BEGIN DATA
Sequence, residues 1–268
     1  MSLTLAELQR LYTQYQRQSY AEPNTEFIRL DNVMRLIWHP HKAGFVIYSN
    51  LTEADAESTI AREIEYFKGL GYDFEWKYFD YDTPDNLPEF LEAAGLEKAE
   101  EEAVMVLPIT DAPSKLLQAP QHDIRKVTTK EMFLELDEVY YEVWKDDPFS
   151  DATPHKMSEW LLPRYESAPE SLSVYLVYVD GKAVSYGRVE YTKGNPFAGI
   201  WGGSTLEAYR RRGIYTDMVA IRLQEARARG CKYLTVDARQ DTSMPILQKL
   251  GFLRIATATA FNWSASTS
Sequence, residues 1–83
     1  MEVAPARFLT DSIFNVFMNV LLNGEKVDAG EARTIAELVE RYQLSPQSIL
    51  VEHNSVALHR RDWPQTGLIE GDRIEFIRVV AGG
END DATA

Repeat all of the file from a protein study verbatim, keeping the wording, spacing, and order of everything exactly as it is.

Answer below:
Sequence, residues 1–268
     1  MSLTLAELQR LYTQYQRQSY AEPNTEFIRL DNVMRLIWHP HKAGFVIYSN
    51  LTEADAESTI AREIEYFKGL GYDFEWKYFD YDTPDNLPEF LEAAGLEKAE
   101  EEAVMVLPIT DAPSKLLQAP QHDIRKVTTK EMFLELDEVY YEVWKDDPFS
   151  DATPHKMSEW LLPRYESAPE SLSVYLVYVD GKAVSYGRVE YTKGNPFAGI
   201  WGGSTLEAYR RRGIYTDMVA IRLQEARARG CKYLTVDARQ DTSMPILQKL
   251  GFLRIATATA FNWSASTS
Sequence, residues 1–83
     1  MEVAPARFLT DSIFNVFMNV LLNGEKVDAG EARTIAELVE RYQLSPQSIL
    51  VEHNSVALHR RDWPQTGLIE GDRIEFIRVV AGG